[This show review comes compliments of the the Mercury‘s sister pub The Stranger, but a ton of Portlanders went up to Seattle for this, so it seems relevant. –eds.]
Lyrical genius and chart-topper Dr. Taylor Swift was inescapable this weekend as she set up shop at Seattle’s Lumen Field for two sold-out performances of the Eras Tour, a three-and-a-half-hour pop opera in which she sings through some of the world’s most beloved albums of the past 17 years AKA her entire discography.
Not only did she twice fill the 70,000 seats of the stadium with sequins-wearing Swifties, but hundreds more camped outside or watched from their stadium-view apartments and online live streams.
Hundreds of seattle swifties who couldn’t afford the $1800 nosebleed tickets have gathered to listen from outside the stadium pic.twitter.com/mA3HrKs5rF
— Danny Dae Kim (@daeshikjr) July 23, 2023
Even if you avoided the Ticketmaster war, Swift and her ubiquity confronted every Seattleite who dared go outside this weekend.
Street entrepreneurs hawked light-up cowgirl-hat-tiara-hybrids with feather trim around the rims. Swifties—in fringe, glitter, and glittery-fringe—filled the light rail to the brim, out-showing the usual weekend Mariners game crowd. Bars and cafes crafted Swift-inspired drinks—anything pink got a punny name inspired by the album Lover and anything with warm, fall flavors referenced Jake Gyllenhaal’s sister’s scarf or something. If you know, you know.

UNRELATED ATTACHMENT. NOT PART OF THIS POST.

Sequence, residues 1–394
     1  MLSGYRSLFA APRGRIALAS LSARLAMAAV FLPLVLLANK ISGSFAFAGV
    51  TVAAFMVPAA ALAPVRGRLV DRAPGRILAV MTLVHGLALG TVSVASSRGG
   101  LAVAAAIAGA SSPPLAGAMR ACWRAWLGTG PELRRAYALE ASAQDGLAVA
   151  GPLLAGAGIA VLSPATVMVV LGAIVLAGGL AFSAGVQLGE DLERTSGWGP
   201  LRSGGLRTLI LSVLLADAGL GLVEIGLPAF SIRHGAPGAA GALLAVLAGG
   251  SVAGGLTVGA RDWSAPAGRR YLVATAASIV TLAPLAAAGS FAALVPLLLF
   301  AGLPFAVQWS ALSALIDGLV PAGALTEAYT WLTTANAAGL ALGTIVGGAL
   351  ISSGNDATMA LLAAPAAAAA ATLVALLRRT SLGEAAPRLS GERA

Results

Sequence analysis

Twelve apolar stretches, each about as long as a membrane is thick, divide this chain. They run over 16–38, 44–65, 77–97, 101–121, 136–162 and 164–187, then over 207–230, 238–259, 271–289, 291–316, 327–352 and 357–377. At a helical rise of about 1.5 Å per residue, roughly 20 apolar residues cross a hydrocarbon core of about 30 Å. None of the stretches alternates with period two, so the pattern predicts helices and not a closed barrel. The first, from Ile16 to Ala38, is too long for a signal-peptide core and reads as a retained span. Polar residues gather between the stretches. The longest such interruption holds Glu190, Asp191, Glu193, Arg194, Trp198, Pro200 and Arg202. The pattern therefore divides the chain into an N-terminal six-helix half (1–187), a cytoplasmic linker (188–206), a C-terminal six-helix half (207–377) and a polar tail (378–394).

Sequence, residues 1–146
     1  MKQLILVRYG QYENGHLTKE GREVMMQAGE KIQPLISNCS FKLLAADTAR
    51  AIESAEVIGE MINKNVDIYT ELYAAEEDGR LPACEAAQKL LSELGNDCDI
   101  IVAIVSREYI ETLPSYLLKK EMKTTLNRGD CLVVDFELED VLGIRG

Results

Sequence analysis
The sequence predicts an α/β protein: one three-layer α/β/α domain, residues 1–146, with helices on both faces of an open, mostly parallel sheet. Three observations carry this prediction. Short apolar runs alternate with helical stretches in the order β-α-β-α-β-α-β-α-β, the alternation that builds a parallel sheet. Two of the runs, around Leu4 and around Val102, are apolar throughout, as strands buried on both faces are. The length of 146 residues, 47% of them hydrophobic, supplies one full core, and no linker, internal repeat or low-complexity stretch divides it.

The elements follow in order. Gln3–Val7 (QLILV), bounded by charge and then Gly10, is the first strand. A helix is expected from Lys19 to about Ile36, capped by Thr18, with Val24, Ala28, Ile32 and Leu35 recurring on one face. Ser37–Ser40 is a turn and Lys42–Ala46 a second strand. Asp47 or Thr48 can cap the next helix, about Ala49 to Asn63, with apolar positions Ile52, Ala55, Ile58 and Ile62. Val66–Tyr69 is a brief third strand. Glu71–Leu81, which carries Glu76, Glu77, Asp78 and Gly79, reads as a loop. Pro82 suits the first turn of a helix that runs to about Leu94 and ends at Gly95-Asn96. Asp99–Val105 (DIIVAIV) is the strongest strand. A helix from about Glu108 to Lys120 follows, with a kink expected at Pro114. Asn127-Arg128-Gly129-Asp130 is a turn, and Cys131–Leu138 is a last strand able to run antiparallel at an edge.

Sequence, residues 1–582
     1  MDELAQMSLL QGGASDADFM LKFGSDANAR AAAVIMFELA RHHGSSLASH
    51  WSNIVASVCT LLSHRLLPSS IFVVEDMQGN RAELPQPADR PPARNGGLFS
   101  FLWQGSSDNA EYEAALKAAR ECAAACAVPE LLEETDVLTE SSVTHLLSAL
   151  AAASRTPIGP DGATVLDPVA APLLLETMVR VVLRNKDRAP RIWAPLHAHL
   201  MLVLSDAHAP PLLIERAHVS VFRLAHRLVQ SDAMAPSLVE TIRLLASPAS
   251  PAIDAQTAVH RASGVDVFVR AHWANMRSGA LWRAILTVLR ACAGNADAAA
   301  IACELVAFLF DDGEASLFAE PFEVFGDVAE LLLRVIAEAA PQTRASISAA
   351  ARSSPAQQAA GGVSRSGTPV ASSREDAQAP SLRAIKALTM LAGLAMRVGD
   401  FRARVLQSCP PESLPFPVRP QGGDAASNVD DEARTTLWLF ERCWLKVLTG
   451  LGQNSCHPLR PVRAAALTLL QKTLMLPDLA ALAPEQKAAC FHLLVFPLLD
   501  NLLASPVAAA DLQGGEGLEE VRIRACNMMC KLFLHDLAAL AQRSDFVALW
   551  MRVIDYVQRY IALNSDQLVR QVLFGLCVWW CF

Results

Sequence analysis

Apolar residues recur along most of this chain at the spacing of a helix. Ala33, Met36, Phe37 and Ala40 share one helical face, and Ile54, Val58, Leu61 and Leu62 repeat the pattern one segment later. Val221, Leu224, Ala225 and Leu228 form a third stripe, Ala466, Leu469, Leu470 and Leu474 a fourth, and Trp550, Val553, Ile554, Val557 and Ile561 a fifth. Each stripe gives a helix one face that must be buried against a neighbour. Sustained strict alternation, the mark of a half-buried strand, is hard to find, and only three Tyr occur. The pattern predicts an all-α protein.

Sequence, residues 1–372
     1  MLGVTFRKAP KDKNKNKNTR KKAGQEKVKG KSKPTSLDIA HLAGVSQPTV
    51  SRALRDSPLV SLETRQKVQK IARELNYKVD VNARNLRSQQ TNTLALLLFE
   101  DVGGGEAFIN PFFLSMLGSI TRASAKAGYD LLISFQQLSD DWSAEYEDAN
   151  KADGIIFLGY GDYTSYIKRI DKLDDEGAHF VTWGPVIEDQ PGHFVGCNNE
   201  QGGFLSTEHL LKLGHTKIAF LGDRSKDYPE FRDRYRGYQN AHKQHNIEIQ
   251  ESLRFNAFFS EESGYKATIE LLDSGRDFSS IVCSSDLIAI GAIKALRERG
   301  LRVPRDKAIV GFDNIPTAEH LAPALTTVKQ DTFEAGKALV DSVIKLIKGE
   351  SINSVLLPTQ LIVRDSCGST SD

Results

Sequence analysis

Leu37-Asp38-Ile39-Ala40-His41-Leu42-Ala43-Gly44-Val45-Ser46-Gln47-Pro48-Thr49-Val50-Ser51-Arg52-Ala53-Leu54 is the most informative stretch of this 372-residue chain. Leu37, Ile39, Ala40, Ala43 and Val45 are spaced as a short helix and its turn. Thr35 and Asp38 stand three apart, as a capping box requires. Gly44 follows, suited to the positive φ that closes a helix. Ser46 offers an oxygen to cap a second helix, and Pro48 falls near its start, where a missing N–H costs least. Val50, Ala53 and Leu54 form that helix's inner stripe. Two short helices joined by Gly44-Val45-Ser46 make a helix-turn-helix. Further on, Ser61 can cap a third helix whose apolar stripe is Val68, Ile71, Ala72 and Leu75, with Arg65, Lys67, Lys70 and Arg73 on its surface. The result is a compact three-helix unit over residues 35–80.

Inside the stadium, the concert was mass at a megachurch. It was the fourth quarter of the Super Bowl after your favorite team made a huge comeback. It was “cry night” at that weird summer camp your friend told you wasn’t that religious. It was what I assume Gwyneth Paltrow would call an “energy orgasm.”
But the concert was also karaoke night at your neighborhood dive where the bartender knows your order. It was your high school’s horse girl performing some musical theater cover at your graduation. It was singing in the car with your lifelong friend, Taylor.
Firefly Catching Days
At a pre-Taylor event near the stadium, two sisters-in-law, Janna and Morgan, told me they drove more than 10 hours from Montana to see the show. Janna said she just saw the concert in Denver the weekend before.
Morgan said when she got her first car, she didn’t have an aux cord, but she didn’t need one. A copy of Swift’s 1989 album lived in her CD player. The album, with hits such as “Style” and “Blank Space,” defined her teen years.
Janna, a few years older, had a similar experience with Swift’s album Red. My high school friends would say the same about Reputation, which came out during my senior year.
“It’s worth it,” Morgan said of the long drive and the expensive tickets. “She’s been with us our whole lives.”